Sneakers, dentures, computers – plastic everywhere. Like a chameleon, it can go undetected, adapting to its surroundings, becoming invisible. And, of course, it is also used in art.
The explosion of quasi-rot-resistant materials in the art scene occurred in the 1960s, but it had inspired avant-garde movements in Paris decades earlier.
The first plastic sculpture was created in 1916 by Russian sculptor Naum Gabo: “Tete No.2” (“Constructed Head No.2”) a cube-shaped head made of rhodoid, a type of rhodoid. cellulose acetate resin is used to make dolls and billiard balls.
But not all plastics are the same. When Plexiglas, also known as acrylic, appeared in the 1930s, new possibilities arose, including artists.
The Bauhaus and other art movements of the era experimented with transparency and reflection.
The artists of the Zero group, including Otto Piene and Heinz Mack, benefited from the possibilities this new plastic offered in the late 1950s, experimenting with plastic film to create light sculptures. their. Mack says that any medium is suitable for his art. But when designers also started using plastic for pop-colored furniture, he lost interest.
Is it art, or is it garbage?
Plastic – whether hard or flexible, transparent, opaque, patterned, smooth, delicate or colorful – subsequently appeared in many different art forms and movements, including contemporary art. they.
John de Andrea’s 1978 plastic nude woman sculpture “Woman leaning against the wall” is so realistic that you want to reach out and touch her to confirm it’s just a sculpture.
The line between art and fashion is blurred. Thomas Bayrle, an artist from the German city of Frankfurt, worked with a fashion studio to design the plastic jackets that were later sold at the Kaufhof department store chain for 25.50 Deutsche Marks ( around 12€ or 13 dollars).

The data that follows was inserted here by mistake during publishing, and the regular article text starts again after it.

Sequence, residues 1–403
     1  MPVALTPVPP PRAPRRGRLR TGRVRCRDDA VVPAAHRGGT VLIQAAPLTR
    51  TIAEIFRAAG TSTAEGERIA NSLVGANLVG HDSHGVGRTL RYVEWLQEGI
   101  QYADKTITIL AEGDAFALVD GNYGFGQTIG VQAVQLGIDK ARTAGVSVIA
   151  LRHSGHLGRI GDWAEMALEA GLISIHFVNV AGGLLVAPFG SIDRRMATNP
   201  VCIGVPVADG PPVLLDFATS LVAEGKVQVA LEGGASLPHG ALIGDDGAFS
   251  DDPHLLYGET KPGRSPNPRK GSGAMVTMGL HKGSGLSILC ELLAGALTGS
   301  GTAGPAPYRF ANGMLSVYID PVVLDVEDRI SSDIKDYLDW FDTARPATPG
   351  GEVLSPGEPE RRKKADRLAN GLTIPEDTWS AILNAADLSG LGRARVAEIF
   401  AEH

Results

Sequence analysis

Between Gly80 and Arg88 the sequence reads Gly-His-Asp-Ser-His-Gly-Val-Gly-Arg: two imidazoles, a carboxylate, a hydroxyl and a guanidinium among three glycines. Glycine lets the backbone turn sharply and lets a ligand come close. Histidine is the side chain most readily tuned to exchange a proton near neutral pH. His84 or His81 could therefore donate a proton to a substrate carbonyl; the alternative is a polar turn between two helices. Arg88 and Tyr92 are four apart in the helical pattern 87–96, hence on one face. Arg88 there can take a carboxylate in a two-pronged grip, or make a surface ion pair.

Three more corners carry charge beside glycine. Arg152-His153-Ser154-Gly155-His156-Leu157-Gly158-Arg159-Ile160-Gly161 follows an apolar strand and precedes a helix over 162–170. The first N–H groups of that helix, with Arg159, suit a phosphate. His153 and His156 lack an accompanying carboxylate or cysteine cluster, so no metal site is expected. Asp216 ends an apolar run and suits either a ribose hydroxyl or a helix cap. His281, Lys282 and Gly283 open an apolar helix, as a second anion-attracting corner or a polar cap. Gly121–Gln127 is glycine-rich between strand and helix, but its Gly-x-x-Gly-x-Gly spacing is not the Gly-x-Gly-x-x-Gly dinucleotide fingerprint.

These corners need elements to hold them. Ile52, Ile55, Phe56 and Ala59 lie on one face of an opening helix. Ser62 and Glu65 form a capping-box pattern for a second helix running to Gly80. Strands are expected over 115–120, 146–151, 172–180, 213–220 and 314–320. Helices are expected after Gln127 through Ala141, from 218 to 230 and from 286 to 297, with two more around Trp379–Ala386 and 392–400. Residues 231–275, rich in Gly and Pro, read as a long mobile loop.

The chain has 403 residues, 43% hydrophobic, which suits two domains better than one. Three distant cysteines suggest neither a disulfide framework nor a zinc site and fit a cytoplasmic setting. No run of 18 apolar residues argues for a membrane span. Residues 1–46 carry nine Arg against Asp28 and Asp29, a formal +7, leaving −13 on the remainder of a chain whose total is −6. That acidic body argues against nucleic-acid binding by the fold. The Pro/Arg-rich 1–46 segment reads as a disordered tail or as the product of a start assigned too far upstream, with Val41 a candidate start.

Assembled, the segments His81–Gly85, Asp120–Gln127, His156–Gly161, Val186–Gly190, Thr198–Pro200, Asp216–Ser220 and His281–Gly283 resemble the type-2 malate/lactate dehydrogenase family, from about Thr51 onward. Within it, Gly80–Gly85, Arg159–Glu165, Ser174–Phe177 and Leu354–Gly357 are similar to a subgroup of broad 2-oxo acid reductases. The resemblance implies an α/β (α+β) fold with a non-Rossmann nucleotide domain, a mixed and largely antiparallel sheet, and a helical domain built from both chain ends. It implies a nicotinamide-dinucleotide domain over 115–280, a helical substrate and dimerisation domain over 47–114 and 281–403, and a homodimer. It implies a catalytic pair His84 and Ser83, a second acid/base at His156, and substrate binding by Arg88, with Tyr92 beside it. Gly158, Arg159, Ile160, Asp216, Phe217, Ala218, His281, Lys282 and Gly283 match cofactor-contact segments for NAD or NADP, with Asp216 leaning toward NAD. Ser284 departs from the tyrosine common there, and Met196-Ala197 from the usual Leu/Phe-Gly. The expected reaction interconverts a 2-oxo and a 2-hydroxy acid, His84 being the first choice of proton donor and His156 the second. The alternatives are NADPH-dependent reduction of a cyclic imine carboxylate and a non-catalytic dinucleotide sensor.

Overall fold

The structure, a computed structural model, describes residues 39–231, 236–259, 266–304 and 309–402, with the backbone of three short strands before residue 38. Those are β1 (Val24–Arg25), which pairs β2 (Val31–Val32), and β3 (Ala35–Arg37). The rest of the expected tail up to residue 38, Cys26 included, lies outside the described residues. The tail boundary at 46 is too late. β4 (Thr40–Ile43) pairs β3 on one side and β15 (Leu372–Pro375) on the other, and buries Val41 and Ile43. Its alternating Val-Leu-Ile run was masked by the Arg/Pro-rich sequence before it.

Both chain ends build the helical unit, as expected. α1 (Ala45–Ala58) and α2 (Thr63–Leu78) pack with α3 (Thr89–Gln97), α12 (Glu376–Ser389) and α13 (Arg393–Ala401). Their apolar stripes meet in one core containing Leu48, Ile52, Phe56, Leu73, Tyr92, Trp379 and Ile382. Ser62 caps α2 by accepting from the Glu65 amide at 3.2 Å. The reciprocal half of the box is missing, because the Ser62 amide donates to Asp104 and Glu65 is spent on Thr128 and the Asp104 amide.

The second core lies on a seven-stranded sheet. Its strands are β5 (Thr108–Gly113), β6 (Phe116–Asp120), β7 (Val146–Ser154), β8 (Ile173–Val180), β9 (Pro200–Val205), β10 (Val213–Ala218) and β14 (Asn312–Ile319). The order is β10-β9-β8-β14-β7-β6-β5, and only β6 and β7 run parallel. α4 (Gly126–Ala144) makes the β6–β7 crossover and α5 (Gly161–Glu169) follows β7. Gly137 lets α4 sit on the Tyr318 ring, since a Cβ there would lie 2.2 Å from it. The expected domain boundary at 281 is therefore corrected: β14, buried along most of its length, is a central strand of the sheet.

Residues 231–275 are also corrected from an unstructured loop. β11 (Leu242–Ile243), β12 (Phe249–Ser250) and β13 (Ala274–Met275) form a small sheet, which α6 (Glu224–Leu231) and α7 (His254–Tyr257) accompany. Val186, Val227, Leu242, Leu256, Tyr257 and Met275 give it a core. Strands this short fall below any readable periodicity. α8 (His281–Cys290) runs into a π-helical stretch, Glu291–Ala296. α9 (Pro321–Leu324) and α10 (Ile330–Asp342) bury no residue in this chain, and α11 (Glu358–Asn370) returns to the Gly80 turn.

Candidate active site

Niki de Saint Phalle, famous for its giant “Nanas”, also succumbed to the allure of plastic. In 1968, she created the Nanas inflatable ball. As beach toys, people can take them on vacation.
French Realist artists such as Christo & Jeanne-Claude, Cesar and Arman, were among the first to create artwork that criticized plastic as a symbol of consumerism and throwaway society. .
Arman has created trash objects called “Poubelles” (Trash Bins), in which he squeezes a lot of plastic waste into display cases. “As a witness of this society, I have always been deeply concerned with the pseudobiological cycle of production, consumption and destruction,” Arman said in 1973, adding that he had long been worried because the fact that “one of the most obvious cycles the concrete consequences of this cycle is to flood our world with garbage and junk.” Today, his words sound very visionary. far and wide.
Arman’s colorful painting “Poubles” aims to contrast the enthusiastic use of plastic in popular art. For example, US artist Claes Oldenburg created XXL-sized soft sculptures that represent everyday objects. He used rigid polyurethane foam, a new material that appeared on the market in the 1960s and excited the art world.
Painting with plastic
Lynda Benglis, another American sculptor, took a different path, expanding the boundaries between painting and sculpture by “painting” with latex and gouache. Her sculpture “The Pool” has an organic form, undulating almost alive thanks to the flow and movement of the resin. Benglis has also created a range of works using molded polyurethane foam and flexible paper.
The sculptures of artist Berta Fischer, born in 1973, from Berlin are all about transparency and lightness. She creates ephemeral installations out of plastic foil, nylon thread, or acrylic glass, with brightly colored, reflective or transparent surfaces that look luxurious and cheap at the same time.
“Plastic World” exhibition at the Schirn Kunsthalle museum in Frankfurt, running until October 1, 2023, showcases art from the euphoria of popular culture to the futuristic influences of the space age and to pieces of junk. from Nouveau Realisme to contemporary eco-critical works.
The exhibition shows the allure of plastic and its drawbacks, underscoring how contradictory the material is. Plastic is a curse and a blessing; it is indestructible, like the concept of art itself.
This article was originally written in German.